Evening public ledger. (Philadelphia [Pa.]) 1914-1942, September 29, 1914, Sports Extra, Page 12, Image 12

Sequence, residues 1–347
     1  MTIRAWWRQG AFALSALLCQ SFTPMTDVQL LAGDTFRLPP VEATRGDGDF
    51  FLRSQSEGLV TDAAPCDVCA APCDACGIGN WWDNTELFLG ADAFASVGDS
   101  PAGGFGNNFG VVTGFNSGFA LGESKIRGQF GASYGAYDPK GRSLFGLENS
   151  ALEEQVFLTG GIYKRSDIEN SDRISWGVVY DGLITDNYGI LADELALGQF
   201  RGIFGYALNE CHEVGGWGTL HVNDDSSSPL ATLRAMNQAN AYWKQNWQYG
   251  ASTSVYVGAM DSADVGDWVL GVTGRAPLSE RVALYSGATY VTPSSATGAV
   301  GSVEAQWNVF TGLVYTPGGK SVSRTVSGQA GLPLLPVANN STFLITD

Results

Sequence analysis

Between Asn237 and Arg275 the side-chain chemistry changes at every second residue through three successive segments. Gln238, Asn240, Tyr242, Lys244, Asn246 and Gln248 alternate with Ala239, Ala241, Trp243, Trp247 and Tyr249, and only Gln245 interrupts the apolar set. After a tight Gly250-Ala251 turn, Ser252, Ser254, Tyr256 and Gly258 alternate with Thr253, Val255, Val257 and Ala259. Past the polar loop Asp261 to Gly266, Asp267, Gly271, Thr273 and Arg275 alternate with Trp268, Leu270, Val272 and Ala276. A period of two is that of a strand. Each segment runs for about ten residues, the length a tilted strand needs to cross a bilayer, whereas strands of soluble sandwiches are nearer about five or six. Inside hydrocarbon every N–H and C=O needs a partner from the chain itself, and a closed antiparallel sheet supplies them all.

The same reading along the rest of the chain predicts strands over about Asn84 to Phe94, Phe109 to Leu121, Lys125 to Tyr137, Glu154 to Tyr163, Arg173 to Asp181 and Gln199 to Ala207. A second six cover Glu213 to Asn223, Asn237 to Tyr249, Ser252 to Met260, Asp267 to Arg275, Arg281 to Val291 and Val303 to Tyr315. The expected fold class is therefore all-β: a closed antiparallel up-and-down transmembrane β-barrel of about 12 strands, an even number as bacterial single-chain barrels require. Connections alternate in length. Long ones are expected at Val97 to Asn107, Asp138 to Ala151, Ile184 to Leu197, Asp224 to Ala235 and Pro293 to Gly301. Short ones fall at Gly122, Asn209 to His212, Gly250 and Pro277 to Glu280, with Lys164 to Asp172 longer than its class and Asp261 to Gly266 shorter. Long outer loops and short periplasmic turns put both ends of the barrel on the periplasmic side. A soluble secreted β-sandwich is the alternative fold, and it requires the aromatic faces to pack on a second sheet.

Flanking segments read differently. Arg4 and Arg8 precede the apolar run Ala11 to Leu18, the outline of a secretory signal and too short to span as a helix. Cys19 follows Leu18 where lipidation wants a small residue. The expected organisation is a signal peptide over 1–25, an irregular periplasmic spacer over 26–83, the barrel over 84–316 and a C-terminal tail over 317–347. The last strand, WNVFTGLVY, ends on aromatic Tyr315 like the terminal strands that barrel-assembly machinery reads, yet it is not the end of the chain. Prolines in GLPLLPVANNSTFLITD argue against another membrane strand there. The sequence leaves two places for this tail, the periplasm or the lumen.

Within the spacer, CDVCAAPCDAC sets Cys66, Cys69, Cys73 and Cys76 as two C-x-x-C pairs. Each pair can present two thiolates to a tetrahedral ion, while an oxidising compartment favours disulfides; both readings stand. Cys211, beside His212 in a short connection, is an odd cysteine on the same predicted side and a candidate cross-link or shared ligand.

s iitinM if t i-ttfww. .aw 4 f j - jj $K vfc v1" -sw pv r " " IB " 12 EVENING LBDGBK PHILADl3LPHlAXJBaDAY, SEPTEMBER 20. 1014. r Nt MACKMEN ENTER UPON THEIR SECOND TRAINING PERIOD PENN OARSMEN REPORT, ATHLETICS WILL BEGIN ANOTHER TRAINING SIEGE SOME OBSERVATIONS ON CURRENT EVENTS IN THE WORLD OF SPORT Collins and Baker Arrived at Noon Others Will Fol low Later Macks and Phillies Idle Today. Following n highly successful but not a close anil exciting campaign against the American League allies, Connie Mack's elx-tlme champions, are on the erge of their second training season of the year. At noon today LMdle Collins nnd Frank linker arrived. Other members of the squad who will bo coming Into Philadelphia within the net 24 hours are Bender, Plank, Davis, Schang, Harry, Oldrlng, and possibly Strttnk and Mc Innls. All of these players will take a few days' rest while the Athletics arc play ing out their schedule In Washington. Baker Is going to take a day or so off for the purpose of visiting his farm at Trappe, Md., wheto he will keep the edgo on his batting eye by using the shotgun. Eddie Collins will engage chiefly In rest at his home In ti.iindow tie, with a little literal work thrown In. He Is going to wtltc a few advance stories for the Cve.v l.su Leuoeii with reference to the world's aerie The other members of the club who will be In Philadelphia will divide their time between complete test and light work at Shlbe Park, with the exception of Plank, who Is booked to visit his friends and rela tives In Gettysburg, Pa. "Chief" Bender, who, with Plank, will do the bulk of the Athletics' defense work in the series, will play golf. Mack himself will probably be In Wash ington tomorrow. He will, as usual, leave all of the business details of the series to John Shlbe and his corps of assistants, while he devotes his entire time to planning for the series' battles. There are several youngsters on Con nie's string who will be worked against the Nationals in Washington, and thesj will be given a careful review. Today the main body of the Athletics 1b advancing Eastward. Thoe plners who arc sentenced t' the Washington scries wilt switch off at Harrlsburg, while the others will come through to this city. No game is on the schedule, hence the Mackmen took their time and boarded a comparatively late train out of St. Louis yesterday. Charles Dooln's Phillies are likewise Idle. The game on the schedule today was plaed last Saturday and was one of the brace captured by the locals from Cincinnati. Tomorrow the Thllllcs will begin their final home series of the oar. meeting the Brooklyn Dodgers at Broad and Huntingdon streets. Club oftlclals of the Phillies are reti cent on the subject of Hans Lobert's appointment to the managership of the Phillies to succeed Charles Dooin. It Is said that when the board of directors WORKS some. WONDERFUL. WdSmmC imB dormng. worauo's eeR,i6F. A .7-v:4K ILL GET DOWN TC IsTUFF FOR. THE . NOTHING TO 0WWmmW(mS- 380.FI HAVE TO 1 WR..STS1 ,( bT. V 71 V 1 UAMLlKl I .-tsV fi . " ' '- Iltllllhl r KJI- -- - M-fc-ilJ-U. J Xn: ' ,M - - i-rvw-uvii . , , . J - a, - i. I iTinPmn !"- "i-" rmiiTlTii i w i i i A" .fc. -reyrs.1 cw jtjs rv. " . r. rs ow -- .Bsaea freeze. qUT ' "w", yrfgr K RECORD NUMBER OF OARSMEN REPORT TO COACHNICKALLS H University of Pennsylvania's i mowing -umorny iviuch 1 Pleased With the Turnout of 160 Men. KiOwiLUAMS issriuu. PPiCKING- GROUND THAT , r3NTMVj EIGHT CR.OWM; THE COPS AR.E. CVeTTINiG. IM FrtO lm nO . THE dlG-.CR4IVAU AT THE PHlU'S PAFi,K 1 meets Lobcrt Is certain to bo chosen for the position. Until the board has acted on this Im portant matter Charley Dooln will remain silent on his plans for the future. If the gossip in bast ball circles Is true, there In no chance of Dooln's reappointment; at the same time, there Is almost as much uncertainty In the workings of the office of a baseball club as there Is on the field. John Coombs pitched yesterday In the American League for the first time since the first two gam's at Boston In 1913, April 10 and 11. Several times this sennon Colbv John, the "ex-Iron Man." has been s-ent in to do a little work in exhibition game, but he was not assigned for league duty until yesterday. It Is the general belief among physicians who have had Coombs under their care for the last year and a half that he will never bo able to regain his pitching form. At present Coombs In strong. But the trouble Is that he has some lurking fear that he mav strain his back, which was affected In his last attack in the fall of 1513 Thlsx would naturally prevent his putting Ms strength on the ball. PERSONAL TOUCHES LIS SPORT Gridiron News Gleaned From Leading Colleges Pennsylvania's Eleven Is to Be Put Through Some Strenuous Workouts This Week. Too bad the whiskers on his head ain't such that we coulu call him Red He oughta change his fuz! Red Lavender Imagine that: I guess that ain't the real ee-clat: But that's what might have was. Besides that name o' Lavender to kid th hotel register he's got some birth place, too. Us Montezuma, Georgia, bbjs. On nares alone Jim's one big noise. Let's see what he can do. To start with, he can pitch good ball, although he isn t irv tall and doesn't PLAYERS DROPPED FROM OLD PENN'S TRAINING TABLE Coach Brooke Will Compel Players to Reach Certain Standard of Excellence Before Reinstatement. By EDWARD B. BUSHNELL Princeton and Yale have burned their bridges behind them In their determina tion to play nothing but open, advanced football. Both Coach Pendleton, of Princeton, and Coach Hlnkey, of Yale, declare that they have abandoned the conservative game and Intend to stand or fall by the open game. This Is In deed welcome news, because It can't be denied that In the past the games be. twecn these two teams have been fre quently about as dull as most Army. Navy games, with the two teams afraid to open up. Apparently the coaches of both Insti tutions hae awakened to the fact that In developing the possibilities of open football their predecessors have only scratched the surface. There's a lot of truth In this. For one thing, they have been too much afraid of losing posses sion of the hll to try much else but close formation plays, varied by an oc casional forward pass, though most of the forward passes have been used as a last resort when everything else had failed. There Is no longer any doubt that "Ted' MnrHll hfts thr. Inside track for the nuar- terback position on the Pennsylvania fieven. in yesteruay anernoon s pramcc he played this position most of the time, and his work was a continuation of what news storv tinm smtn i'hIIimt. r.v. he did on Saturday against Gettysburg. I that Lamb, the big tackle, is going to I Merrill Is about the only member of the run to weight. In nlne-tcen six he first plajed pro with Corelle, Gorgla. That, jou know, Is Tyrus Raymond's State. It took our Jimmy six long years In bush to make the big league ears take on an upward prick. Then Lavender from green turned ripe and Joined the Cubs. It seemed a pipe he had the goods to stick. Warm weather pltchln's Jimmy's meat. In summer he's a Job to beat, he seems to have m all. He's even coin to cop a win most any time they stick him In, 'cept early spring an' fall. Since Jimmy left the shortened trees he's had three managers to pleabe Chance. Evers an" O'Day. That sure looks like he's got the goods or he'd have been back In the vanla would have a fleet-footed pair. The Pennsylvania system reuulrcs that the ends shall bo heavy men to play against the opposing tackle. This requirement Is what makes JIurdock's effort to win a position here so difficult. Murdock Is will ing enough and a born fighter, but throw ing his 150 pounds ngalnst a 190-pound tackle doesn't worry the opposing tackle very much. PRINCETON". Sept. 50. A week of Indl lilunl coaching for the Princeton football canlMates was Inaugurated jesterrtny. finme of tho regulars, including Cnptuln Italltn. Shenk nnd 12. Trinkmnnn, hnu a day off, but the rest of the miuud hal a long Individual preliminary drill The varnlty nnd scrub mixed It for halt an hour and the flrst-strins men won, -1 to 0. NEW HAVRN, Sept. 20. The Yale football tfam had Its llrst practice by moonlight last nlRht. Tho moon riione over the flelil before Coach Frank Hlnkey shouted "All In" to members of the nquud. Signal drill for th vardty and scrimmage for the second nnd third trams marked the practice. Pumpelly at fullback and Durca at half played a smashing game for the second team. CAMDRIDRH, Mass., Pept SI). Although there was no scrimmaging for the Harvard aralty regulars and substitutes who ployed ngalnst Hates Saturday, there otherwise was no let up tn tho work Tho llnehmen were worked hard on breaking through, the tdLkle. In particular, coming In for a lot of coaching from Crawford Illegden. '02, who plajert with Cults on Dave Campbell's team. woods now, Corrlgan. on tanktown pay Uy A. -M. George Drook coach of the Red and Blue, announced today that U members of the Penn football bquad had been dropped from the training table. Those who received notice that they need not appear at the tablo until their names were reposted were Unvin, Tlghe, Vreo land, Dialer. Roile, Mender, Eelthard, Hopkln3. Tucker. Slayberry and Wray When the above list wax posted, there was a bU flurry among the students, who were greatly surprised that some of theso players should bo dropped. Coach Brooke explained that after a conference with his assistants It was adjudged a wise movo to drop all plaj ets, regardless of past performances, who had not ruached a certain standard of excellence. That this plan will strictly bo adhered to is shown by the fact that Avery, one of the best punters on the squad nnd a star of last year, has not been out for practlco long enough to "make the table," Ilrooke believes that tho brand of foot, ball placd on Franklin Field w!U ba ireatly Improved by putting the men off of the bread list until they aro playing the kind of football required. Those members nf the team who are still per. mltted to dine at the training table are Journeay. Hiixsell, Harris, geelbach, Mur dock, James, .Merrill, Carter, Mathews, Pepper. DorUds, Hughes. Norwstd, Cot wald, liallou, Itockefeller and Kooni. llefure today's practice Captain Jour neay expressed the opinion that In the future the work would bo on a higher football plane than It has tn tn a long while Ho staled that, in his opinion, the play yesterday was the boat ever exhibited in prttice on Franklin Field, despite the fact that the varsity was defeated by the scrubs A capacity crowd Is expected to wit ness the Perm-Navy gam on October 17. This has lead the athletic directors to begin Immediately the work of creeling temporary Mats. Today a b-ud of car penters is bus putting up the seats against the, gymnasium and on the east side of the track These seats will hao a capacity of about 3000. thereby raising the p-esent seating capacity from Mow1 to Z3.CSQ. make one of the be.t goal kickers of the season for Bill HollenbacU's squad. Which, unfortunately for the linotype operator, leads to the appended: State's team had a monstrous Lamb, His strength was In his to. And pvervwhore that Hill's team went This Lamb was sure to go. They'll bring him down to Phllly soon To battle George Hrooke's crew. And If that toe gets busy, boys, G-od nignt: old Red and Blue! Two weeks hence: "Batteries for to day's pami- will be for the Athletics, Bender nnd Schang: for Boston, James and Gowdy." We notice that In West Philadelphia tennis is being played at night. Doet this mean that the game Is on the verge of being cast into outer darkness? It Is possible for tho Athletics to be beaten out by the Braves in the world's series, but there arc some things con cerning the Mackmen that never could happen: Ira. Thomas now running for Kddlo Collins. Hughey Jennings laud the Athletics. To tav the tiouth, Ilaltor bu)s a bale of cotton Bender loses his nerve with three on. titrunk drips an asy fly. Conine Mack e'ves out prolific Inter view. Tho professional soecer football players of KnvUin 1 hivp refiu'd t join the King's army. These fellows must ho the original "gluttons for punishment." According to the experts the open game will be ued throughout th cogntry this year. This is what the opponnts of the Blue Laws have Veen Btrlvlng for ever since tiie reform wave began to roll. Vou will have to blame this on Walter Trumbull, of the New York World; The Huston fan Is funny, lie's around collecting money. Ami while he's seeking placr he can hot It lie Is buakting. bold and brash. ll'll get something for his cash And the Markmen think they know jun where ho'll get it. "Tummy" Mead, who gained consider able fjtnc before ho grew too heavy to tontinue his work In the saddle, Is play ing at the Walnut Street Theatro this week Some of the local sportsmen may remember his work. Tomorrow the question of where the Army-Navy games Is to be played will be settled. That Philadelphia will again be the scene of this highly attractive contest is lertain that Is, if It Is played at all PVQILISTIC NOTE. Morris and Fly as ate at It ag'in. . I back field who possesses a change of pace and who can straight-arm tacklers like wise, he catches punts with some cer tainty. Merrill's running In the open field Is verv much like that of Miller, the for mer Penn Stat" quarterback. Adding a little confidence to Merrill Is making a different plaver of him. Assistant Coach "li" Dickson Is sn-l-ously worried over the dearth of first class ends. The quality of the ends will ' make or break a team. Speed Is not tho onl requisite, for if It were Pennsyl- ITIIACA, Sept. 20. Head Coach Sharps opened the foutball week nt Cornell yester day afternun by cutting the varsity squad o forty-seen men, adding six more plajers to the training table and Kllns tho plajers an hour's blackboard talk In tho new Schoclkout Memorial clubhouse Instead of attempting any practice. The outcome of the Pittsburgh game was more or less expected, the gimo being considered an unusually severe one for an opener. ANN ARIlOn. Mich, Sept. St), Iluebel's work at quarter on tho second team was the feature of esterday'H scrimmage' at Michi gan, the little sophnmoie three times gcttln; uwny for runs of mote than thirty urdj. Catlctt, u full on the nrst deen, scored the only touchdown, and Capt. Itaynsford kicked the goal Maulhetsch's plunges made (he score possible, after an hour's hard fight ing. ANNAPOLIS, Sept 23. The football sound at the Naval Academy put plenty of dash Into its work jesterday afternoon, as the opening gamo against Georgetown Is to take Place on Saturday next. The midshipmen expect to begin tho season with a lctory. but do not hope for so decisis a triumph as last ear. WHST rOINT, N. Y.. Sept. 20 -With the Army's opening game less than a week off the football coaches are hard nt work. Simo of the eternna have forgotten how to ,-ntch a punt and the fumbling so much In exldence of lato was the serious theme. Wednesday will sound tho death knell to dally para les for the cadets, and this will gle the squad another hour's practice each day. CAItMSLi:. Pa., Sept 20. New formations were handed to tho carslty Indian players lat night li Coach Wjrner during Carlisle's experimentation with a much-changed iuik neld Tli- ioucIk'h desire to Kae tho nrst team at much as possible, and gave the whole fiiuad nnlv an extended rudlmentarv drill The new plas ore for uss against Lehigh on Saturday, , NKW YOItlC. Sept. 20 -Owing to the Pord ham Var'IH's fliif showing In holding !eore. town scoreless in n in- game nt Washlngtcn n haturdny, a iluy of rest was granted to the squad esterdaj. Coach Wjmard was greatl) pleased with the result of the contest Hnd the .ondltlon of he cleen. Schwab being the only plaver on tho sick list. REISNER. OF MUHLENBERG . . , . WIU.IAMSTOW.N, Mass., Kept. Keisner is maKing every enort to did dismissed most of the winums regulars , ., . . ., t. miht uu riiy loriy nnnmeg signal drill Zea land the quarterback position on the ' terday afternoon. An Injury to his knee. re. 1 t i l u j celled In the K P. 1. gamo Saturday pre. eleven this year, and has been dts- i i,te.i nnmoii from tiuine rt; in t orv "ui, arm u is .mumiui Hnttiw ne will bo aMo to pU against Vermont this week Yale University's Football Players Enjoyed First Moonlight Practice Last Night on Elis Field. Neither Morgan nor D. Curtis made s tkularlv good hhnwlng against Bates, Trumbull has much to learn. par-while 1 playing marked ability. MIDDIES STILL HOLDING OUT FOR THIS CITY Navy's Committee Insists i That Big Game Be Played in Philadelphia, While West Point Favors New York. WASHINGTON. Sept. 23.-Ath!etlc committees of Weat Point nd Annapolis aro still deadlocked over tho choice of a City for this year's Army.N'avy football same, with the Army holdlnB out for .New York and the Navy Insisting on Philadelphia. A plan of settlement has ueen suggest ed by Secretary of War Garrison and Sicretsiry o' 'ho Navy Daniels, who favor an agreement In cover a period of ten years, each academy to alternate in selecting a flJd for the name, the only restriction Peine that the city chosen shall not he north of New York nor south of Washington The two secre taries are now awaiting a reply to their proposal from the athletic committees LEFTY TYLER BUYS FARM HOSTON". Sept. 29. Iefty Tyler, one of the best pitchers on the Hoston Braves' staff, has purchased a 100-acre dairy farm In the suburbs of this city. The puicha.se was made with the Intention of managing the place when his days of usefulness on the diamond were over. Tyler also expects to spend his winter months on the farm. v BASEBALL CONDENSED NATIONAL LEAGUE YESTERDAY'S RESULTS. Cincinnati, 4; 1'liilllrs. 3. Ilostnn, 1; t'hlrugn, I). rnkln, 7; St. UmN. 3. New York, 5; rittsliurEh, '1 (1st cume). New nrk, 13; I'lttsbiirili, l CM game, 6 Innings, darkness), TODAY'S GAMES. Chicago at llnhton. ritUlmrgh at New York. .St I.ouli at Itrciokljn. TOMORROW'S GAMES. IlrooMjn at I'lilladrlplilu. Ilnitim at New York. CLUB STANDING. ". I. P f V r, I C. linsfm RT .'." WIS I'hlllln... Vi 71 ,tn New York no or, '.T.-Hronkhn 71 7.'. n St I.ouls . 77 f.O .V.JS I'lttsh gh 113 Hi 43.'. Chicago . 7.'. 7'J 310 Cincinnati 58 Sll .301 AMERICAN LEAGUE YESTERDAY'S RESULTS. St. Louis, 7; Athlrtlrs, 1. Hoston. .1; Chlrugo. 1. Ilt-trult. Ill Washington. 3. Cleirland, .V, New Ynrk, 3, TODAY'S GAMES, Detroit al M. Louis. thlcugn at ClfT'Iand. Oilier tlulii not scheduled. TOMORROW'S GAMES. Athlrtir at Mn-liinutnn. Chlragn at t'lrirlund Hrlroll ut St. Louis. New York at Itoston. CLUB STANDING, w u P r xv i, p c Athletic. 0 60 .B1r"hi,ago OS 8u 4.-.D Hoston .. ' fti3 t Lull Is 07 711 .4.'.!) Wai-h'ton 77 70 .'.24 Ne York 17 So 4.'.0 Detroit. 77 71 S.'O Cleveland 40 lOO.SiO FEDERAL LEAGUE YESTERDAY'S RESULTS. JlrooWbn. 0 Chicago, 3. ritUhurah. 3; Indlunupolls. 3. Murrain. Ills Kan-ii (lt, 10, (0 Inulnvs. tailed, ildrknrsi). Jlaltimore, o; ht. I ouls. i (1st game). lUltlmorr, 4s ht. Louts, 3 (3d game, 8 Innlusi. cullrd). - TODAY'S GAMES. Chicago at IlrooLlju. Kan.au City al llufralo tit. I-ouU at Ilalllinore. IndlanapolU at I'ltlsliurgh. CLUB STANDING. V I.PC w I. P C Chi'ato - rt' 5lW Brooklyn 73 70 T Indlap'Ils 4 B' Kn City On 70 405 Baltimore 70 OS .'.33 St Lul. 01 82 43T Buffalo 73 0(1 .023 Plttsb'gh S7 81 413 WILLIAM AGAIN TO MEET DIRECTUM I IN PATO MATCH In Recent Event at Grand Rapids William Won. $5000 Purse at Stake at Columbus Tomorrow. COLUMBL'S. O, Sept. Ss -Every pre parutiun Is being mado for the William Directum I match race for a VAX) purse tomorrow, when all complimentary badges will bo void. The Indications aro that tho llutler pacer will again go to tho post ns favorlto In spite of his de feat at Grand Jtaplds. lloth pacers were on the trucH yesterday getting blow work. .Sensational racing featured the first day of the Grand Circuit's second week at the Driving Purk track, the total of nine heats trotted and paced averaging S.&l'i. which lowered the afternoon uverage record made lust Tuesday: KUwah, tho world's champion 4-ycar-nld trotting colt, owned hy Frank O Jones, of Memphis, and driven by Pop i leers, gained a few more world's rec ords In his three-heat race for tho $3000 Chamber of Commerce Blake. He trotted tho fastest three-heat race ever perform ed by a stullion and also lowered the fame mark for mares or geldings. The three u Inning heats wer faster by 3Vj seconds than the fastest made by a stallion, that of Peter Volo at Kalamazoo this eor. It was at the same rate for the three fastest heats by a gelding and was 3 seconds faster than by the mare, Hamburg Uelle, niade at Hartford in 1903. Ills third heat In 2.03c; set a nw world's record for a 4-year-old trotter, reducing ma own maris of Z.P3 'jT against tlmo and ZWi In a race. CENTRAL HIGH ELEVEN WEAK AT WING POSITIONS Loss of Young and Kerr Severely Felt by Coach Howell, Who Is Shaping Team for Opening Game. Coach Howell, of the Central High School football team. Is working his men hard in order to get them In shape for the first game of the season next Friday, The centre of the line and backflcld aro composed of veterans, and he Is not giv ing as much of his time to these posi tions as he Is to the ends. Last year C. II. S. had the best pair of scholnatlc ends In Philadelphia In Young nnd Kerr, but neither man Is now In school, nnd the mntcrinl for the wing positions Is not very good. The most likely of the candidates are Do Long, Brenner nnd Goodell, and It Is probable that the first two of these will mako the regular berths, although the latter, who Is from Vlllanova, Is very fast and may make a place on the team. BY THE VOLLEYER Tennis and hot weather make their exit hand-ln-linnd, but In&trui! of Kotns out to gether this J car there has been a parting tennis Is stilt here, but the neathcr Is cold. A fen club titles still remain to be decided and a number of tournaments are now In progress. With the temperature around tho S5 and W degree mark tennis Is hardly a pleasure. Tho country club courts aro still much tn demand late afternoons. Still there Is a d" criaic in the number of platers taking part In tlm game. Students hae turned their athletic prowess to other directions. Kenneth Kennedy, the Merlon Cricket Club star. Is now tiiity with University work. J. S. Dlsston. Jr., Philadelphia Cricket Club, has stored his ten r.tt rackets away for the winter. He will engago In soccer at Pennijhanla, and finds n time tor tennis. I.. S. Dcl-one, who with Mrs. DI.one play, el In the recent mixed doubles eent at tho Merlon Cricket Club, Is In line for the singles i-illlll!uuiiiu ui me u.rrurouis CiOlf C1UD. air. Will Delaine meet i: round for the championship next Saturday , u3 ,i,u,d( a J. Heine In the fln.il title still remains to afternoon. be decided at Uverbrook, The plea for more Inter-clty tennis marira Is n good one. The Interest on the part of tho Phllniont Country Club racket w (elders In their annua) mitehes with Baltimore Is commend able. The local organization, which Includes such excellent plaers as Frank P. Wlerter. Mjron I.. Harris, Kugene V. Wteder. Marc J. Katzftnl.erg. Miss IMIth If. Katzenberg. nnd Milton C Stein, only recently defeated tho Suburban Country Club, Haltlmore, In an Inter-clty test. THE GOLFERS' AFTERMATH The grip of the golf germ Is almost unbreakable and a proof of this may be found In the size of the field that played In the Senior Tournament at Apawamls, Jlye, Nw Ycrk. last week. Despite tho heat and strong sun or two hundred golfers, all flfty-tHo jears of ago or over, turned out for the "ft and nearly all of them finished. Among thoie who aro known locally were 1 K. Pais more, of the Philadelphia Cricket Club. Y. Y, llallowell. of the fit. Dald's Golf Club: a. W. Statzell, or the Aronlmlnk Country lJ,ub' ,J' ?... K?.hnftock- . ani1 Wlnthrop bargent. of the Merlon Cricket Club. Their net rcores for the lhlrt-slx holes were as fo ows. passmore. 117. llallowell. 172, Stat sell, 151; 1-atinestock, l. and Sargent, ISO. Havre de Grace Entries First race, purso T,0O, for 3-year-olds and up, selling. SU furlongs Ileaurpo, 07; Jtoial Meteor, 1UU, Kalcadu. lull; 'Lady Oram do Agulla, 10. Kewessa, 100, Kred Jyl nn Jim JUsey, 10J. cilgantni, lot!, Laura." 102' Dust Pan. tint; Inlan, 100. ' ' ' ' Second race Satin, for 3-ear-olds and up. steeplechase handicap about two miles Astute. Ha.Clell. Sister, UU, VVooltei 130, Oregg. 13S; Utile yugli. U0 ' "third race, putse J.'.OO. for S-year-olds. selling. 5 furlongs Milton Ilarber. 112 Vv.'!Ca"l!.00.,'Su,rB'0."' '.I?,' Embroidery. 100 idel, 100; Harlequin. 107; Chanteu.e, 100 .H'nl?n'' lt: Anktn. 111. J. II. I arrel 110; Easter Hoy. 1U5. Hiker, loo; Proctor. Kourth race, purse 5i)0. all ages, handicap, selling. 1 mile and 70 ards Penaltj IimV U'ETwah. 112 ! E"cu,or' US- J'"t'wonh: iiu rair, puree euliu. lor a-lcar.nl, l Un,l up kelllng 1 mil and 70 )erd Chad llufurd IIS, 'AMatress 07; Mgulla. 91, Henri llutc.hln.un. 102. Oretuni. 101. ."rry I-auder 100. Mu 1 Sill. 07. Th. Hmibo," i, nwjai .iicieur, lU.j . "Njolsr lot neacipeie. 03. tlolllngstone. 117; Duk. of Shclbj. 10h. Chuckles. IM, Prince Ahm.i 101. Smllej, 0.1. Carroll lt,M 105 AWnt.1, Hlxth race purse. 1400. 2-ear-olds. maiden selling, 3 furlongs-Tiara. 10.1 , 'Jane luij Onar. 105. Mb.s Itoo. 105. I.u,u' loa Amancien.lslOS Prill. IM. l')vcr K,, J' ... T'' Jt UI j iiiira iiim nisi. i,i n ' Ijn-lt- 10T. DoUlirv inn ' nJZ?. wi,. . n bv,n.1nrve,'. '' ro'aa and up. selling purse l00, aw furlongs Voles leal w Vs.-MvKt.sl. if " . -. T .... MViM irocMjt ya. ou urump, loo, Mod... uu, faUn r-eaf U5 seii.va. Afan. a kai usn. nil uhh T. i . . - Am.r run. 10.1. ' ' """ "" Wi Moellck. 100, At la tress, 100 Koger (ioidon. 0"i rrirt 10:1: Llouhl. V Ciates, 100. Pbaroab, ' 103.' it u. in; Two very promising track ntlilotcs start their lntcrcollcglnto career with the yn. verslty of Pcntisylvanla. in this year-J frcsliman class. They nro C. Cory, of th University High School, Chicago, and Albert Crane, of tho Tncomn, Wa3h High School, Cory la a low hurdler with a 1 record of 21 2-5 seconds, which ho mad I in tno university or Michigan Inter, scholastic meet at Ann Arbor on May 21 1M3, Crane Is n high Jumper, who wa credited with doing C feet 2H Inches ln the Witshlngton Stnte lntcrscholnsttc mct nt Tncoma on Juno 7, 1913. Conch Vivian Nlcknlls has reason to feci elated over a flrst-dny attendance ot 160 candidates for his freshman nnd var slty crews. Tho slzo of tho squad sounds very much like Cornell, It Is certainly the biggest turnout that this Institution ever had. Curiously enough, tho co,ua4 Just equals that which reported for work J at Cornell last week. In a letter from tho President of th International Olympic Committee, Uaron Pierre de Coubcrtln, from Havre, France, dated Sept. 4, and nddressed to the lata James E. Sullivan, who was Secretary of the Amcrlcnn Olympic Committee, states on behalf of the International Olympic Committee that tho question of a change In the location of the games of 1916 Is not even to bo discussed. Ht says In his letter:. "The seat of the VI, Olympiad remains what It was, nnd, con. trnry to wlmt tho American pnpers say, I will not personally mako any propose! In favor of a change. "e. never thought the Olympic games would stop wars, and I feel perfectly sure that when tht present war Is over the Olympic move ment will begin again as strong ana fruitful as over." Tho fight for tho club banner at tha .Metropolitan Senior Track nd Field Championships, which will he held at Celtic Park, Now York, October 3, nlll be between tho New York Athletic Club nnd the Irish American A. C. Both havs entered their strongest teams nnd th fight this year promises to bo nearly as close as It was last, when the Irish American A. C. won by three points. The Now York A. C. hns sixty meo nnd the Irish-American A. C. has fifty. two men entered for the different events. F. W. Rublen. Chairman of the Senior Metropolitan Track and Field Champion ship Committee, hns received the cntrr of It. 11. Gilford. McCnddin Lyceum, for the one-mile walk, to be held at tha senior championship at Celtic Park, L. I, next Saturday afternoon. Cornell will hold Us annual Inter scholastic cross country run on October 31. The rnce will be over a four-mile course. Two prizes wll bo awarded. The bronze Marathon trophy, tho gift of the class of 1908, will be awarded to the In dividual winner. The team prize will bt a silver shield. Bronze medals, show ing Jones making hla mile record at Cambridge, will be nwnrded to each starter In the race. Permanent posses sion of the trophies will be awarded to the school or Individual winning three. times. WILLIAMS PROVES ONCE MORE THAT HE IS A WONDER Rugged "Kid" Herman, of Pekin, 111., Manages to Stay Four Rounds at Olympia Last Night. Apprentice allowance r'iln...i Weather clear, track list To the surprise of many experts who thought they saw in "Kid" Herman, of Pekln, III., a future champion, Kid Will lams, of Haltlmore, holder of tho world's championship title, easily outboxed, out Mugged nnd finally knocked out the Httl westerner In four rounds at tho OlympU A. A., last nlKht. The bnut brought out n. record croud and long before tho first bout was put on every teat In the house was filled, and there were hundreds standing. The boyl were to have weighed In at 116 pounds, but the champion was n quarter of pound overweight. Herman entered tbs ring first, and took tho corner whll Williams has always occupied In all his contents before tho Olympia Club Will" lams anted Hcrmutt to give him hU favorite corner, but Herman uasobdurata and after a ton-mlnuto wranglo Williams took the other corner. Tho preliminaries were all good In th' first one "Kddle" It I vers won a hot BfS" tlon from "Jnck' Campbell; Charlie Hear had a shade on "Young" WiUon In 1X rounds, nnd "Kid" Goodman, of Ne York, substituting for "Young" fuss"1 who had an Injuied hand, outiuugbt "Jimmy" Murray, n tough New V"ik oojr who has been doing good wuiK m iocs' rings lately The iemiwlnd-un "" e twetn "Eddie" O'Kiefe. of tills U- ""' "Dutch" JJrandt, of New York tiheef won all the way, although llrandt o"1" weighed him five pounds o'Kcei . far too clever for his opponent .'t"1 rtwtt easily on points. Samm" Harris has an offer for KU Vt'lllams to meet "Abe" Aitell befoic T '"' MrCarey's club lu Los Angeles, si"' ' ',.,, offer of thres lights In lJrooklo ' ' winter's campaign. Harris olans i rhl Williams get a ioo.l long rest during ; summer and then igiwI him alter miu . - notL'hers In the feathpruMiehl cla.13 H.'f . figures that by that time all tbe 1 tt vein he beaten. fc!U tho ' ot f,a iicrwel"; ca of n,r OM timers who have seen I'reston lirovtn. the colored ih. fnrtn.r f.jrh.ru.l.hl .!.-, niotoll. ue'i lllxoil. Drown haj all tho motes aul f ' of the old champion, but lacks ' , 'i'iS, I.rows of tbe former king of thi rc"" weights, Frel Yell and "Whltcy" Baser pivj matched to meet In th wind-up at I ,.f slngton A. f . Friday night. .1.m was tj have been Utwaeu YH D1 .Jiilrf Kelly, but th Utter U IU ot " poUsaiog, X.